In the US, marketing teams in mid to enterprise-level construction firms are often dispersed, spread out across multiple cities. While each team manages their own localized marketing requirements, they also rely heavily on a central marketing team and its assets. However, the dispersed marketing model, common to the construction sector, is a complicated configuration to manage. Marketing leaders face the challenge of creating the optimal marketing team structure. Whichever structure is chosen, every team member needs access to the marketing materials they need, when they need them. This ensures efficiency, consistency, and relevancy of all marketing communications.
What is the Current State of Marketing in the Construction Industry?
Marketing in the construction industry has seen somewhat of a revolution in recent years. More time, effort, and resource is being allocated to marketing strategy, and that is forcing change. The silos that used to exist between sales and marketing are breaking down, resulting in far more collaboration and aligned thinking.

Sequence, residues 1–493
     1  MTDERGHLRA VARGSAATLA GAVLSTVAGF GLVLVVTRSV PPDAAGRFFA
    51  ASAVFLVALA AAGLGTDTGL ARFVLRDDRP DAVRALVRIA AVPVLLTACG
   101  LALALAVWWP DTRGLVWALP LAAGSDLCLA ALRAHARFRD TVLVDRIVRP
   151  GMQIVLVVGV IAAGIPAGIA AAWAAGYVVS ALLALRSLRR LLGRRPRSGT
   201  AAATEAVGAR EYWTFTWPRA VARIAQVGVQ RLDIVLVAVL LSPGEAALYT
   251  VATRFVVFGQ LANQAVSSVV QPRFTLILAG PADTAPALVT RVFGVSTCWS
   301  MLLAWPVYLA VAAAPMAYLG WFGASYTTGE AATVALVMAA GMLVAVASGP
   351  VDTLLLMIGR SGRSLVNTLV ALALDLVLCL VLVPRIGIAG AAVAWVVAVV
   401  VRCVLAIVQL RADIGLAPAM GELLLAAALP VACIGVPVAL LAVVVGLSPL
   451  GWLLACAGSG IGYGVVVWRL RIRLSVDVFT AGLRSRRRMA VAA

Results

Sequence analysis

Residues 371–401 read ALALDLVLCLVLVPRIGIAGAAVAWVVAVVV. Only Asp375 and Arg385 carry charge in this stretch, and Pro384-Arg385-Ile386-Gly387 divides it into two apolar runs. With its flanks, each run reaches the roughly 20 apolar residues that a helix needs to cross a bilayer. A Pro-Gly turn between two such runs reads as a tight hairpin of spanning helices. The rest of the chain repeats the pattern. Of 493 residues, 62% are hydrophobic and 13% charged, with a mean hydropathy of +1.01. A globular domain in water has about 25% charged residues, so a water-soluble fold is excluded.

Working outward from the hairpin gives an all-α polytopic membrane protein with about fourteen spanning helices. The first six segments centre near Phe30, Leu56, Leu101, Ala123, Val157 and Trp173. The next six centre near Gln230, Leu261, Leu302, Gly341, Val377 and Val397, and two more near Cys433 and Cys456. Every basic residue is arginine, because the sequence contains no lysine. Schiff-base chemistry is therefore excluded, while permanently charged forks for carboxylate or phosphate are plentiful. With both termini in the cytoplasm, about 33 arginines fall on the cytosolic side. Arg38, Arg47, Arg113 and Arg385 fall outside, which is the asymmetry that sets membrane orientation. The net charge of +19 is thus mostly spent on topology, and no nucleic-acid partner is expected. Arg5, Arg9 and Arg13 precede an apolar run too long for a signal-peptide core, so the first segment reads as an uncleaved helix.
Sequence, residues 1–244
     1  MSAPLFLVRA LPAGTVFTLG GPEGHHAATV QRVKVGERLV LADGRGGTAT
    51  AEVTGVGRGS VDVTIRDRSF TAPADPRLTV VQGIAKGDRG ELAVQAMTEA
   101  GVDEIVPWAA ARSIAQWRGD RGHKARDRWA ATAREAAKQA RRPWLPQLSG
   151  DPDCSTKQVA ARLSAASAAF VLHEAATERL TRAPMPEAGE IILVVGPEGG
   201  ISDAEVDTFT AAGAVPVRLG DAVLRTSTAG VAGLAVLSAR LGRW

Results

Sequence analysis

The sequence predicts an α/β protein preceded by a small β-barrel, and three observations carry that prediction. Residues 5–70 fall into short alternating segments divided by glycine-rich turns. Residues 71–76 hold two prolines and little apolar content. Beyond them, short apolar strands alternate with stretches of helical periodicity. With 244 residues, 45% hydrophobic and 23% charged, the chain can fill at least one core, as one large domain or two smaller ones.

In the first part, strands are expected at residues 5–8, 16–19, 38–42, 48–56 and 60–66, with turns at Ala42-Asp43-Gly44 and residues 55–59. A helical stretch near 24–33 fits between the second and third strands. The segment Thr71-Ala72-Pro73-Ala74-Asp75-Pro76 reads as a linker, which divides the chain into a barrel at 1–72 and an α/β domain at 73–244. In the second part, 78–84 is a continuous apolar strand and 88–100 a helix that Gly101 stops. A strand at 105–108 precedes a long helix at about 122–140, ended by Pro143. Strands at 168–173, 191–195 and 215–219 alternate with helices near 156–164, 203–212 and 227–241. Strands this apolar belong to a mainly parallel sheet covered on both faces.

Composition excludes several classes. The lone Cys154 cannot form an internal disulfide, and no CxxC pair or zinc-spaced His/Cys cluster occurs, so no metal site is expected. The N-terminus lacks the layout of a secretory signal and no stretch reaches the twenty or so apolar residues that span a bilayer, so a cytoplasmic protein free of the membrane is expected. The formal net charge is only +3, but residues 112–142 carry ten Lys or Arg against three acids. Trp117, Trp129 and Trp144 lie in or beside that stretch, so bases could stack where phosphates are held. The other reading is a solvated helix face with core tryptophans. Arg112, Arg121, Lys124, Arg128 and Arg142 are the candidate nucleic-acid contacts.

Digital marketing has come to the forefront to support new ways of working, albeit later than for most other industries. This means that sales teams can focus on what they do best, closing deals instead of losing time searching for contact information. Meanwhile, marketing methods are shifting from cold-calling and direct mail towards social media and email marketing with a focus on building client trust.